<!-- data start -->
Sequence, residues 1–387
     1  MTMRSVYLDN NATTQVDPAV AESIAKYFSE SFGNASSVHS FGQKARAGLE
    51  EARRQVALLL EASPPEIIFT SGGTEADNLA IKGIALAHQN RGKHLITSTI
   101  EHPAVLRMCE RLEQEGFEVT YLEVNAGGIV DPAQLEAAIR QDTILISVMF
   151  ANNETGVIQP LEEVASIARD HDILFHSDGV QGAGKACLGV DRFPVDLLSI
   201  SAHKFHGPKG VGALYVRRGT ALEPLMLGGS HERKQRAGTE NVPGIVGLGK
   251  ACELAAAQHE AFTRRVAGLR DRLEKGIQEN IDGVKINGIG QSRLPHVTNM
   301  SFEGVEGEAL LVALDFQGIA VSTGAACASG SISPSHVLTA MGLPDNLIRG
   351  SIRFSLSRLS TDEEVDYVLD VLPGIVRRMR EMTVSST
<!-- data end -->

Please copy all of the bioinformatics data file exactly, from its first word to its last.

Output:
Sequence, residues 1–387
     1  MTMRSVYLDN NATTQVDPAV AESIAKYFSE SFGNASSVHS FGQKARAGLE
    51  EARRQVALLL EASPPEIIFT SGGTEADNLA IKGIALAHQN RGKHLITSTI
   101  EHPAVLRMCE RLEQEGFEVT YLEVNAGGIV DPAQLEAAIR QDTILISVMF
   151  ANNETGVIQP LEEVASIARD HDILFHSDGV QGAGKACLGV DRFPVDLLSI
   201  SAHKFHGPKG VGALYVRRGT ALEPLMLGGS HERKQRAGTE NVPGIVGLGK
   251  ACELAAAQHE AFTRRVAGLR DRLEKGIQEN IDGVKINGIG QSRLPHVTNM
   301  SFEGVEGEAL LVALDFQGIA VSTGAACASG SISPSHVLTA MGLPDNLIRG
   351  SIRFSLSRLS TDEEVDYVLD VLPGIVRRMR EMTVSST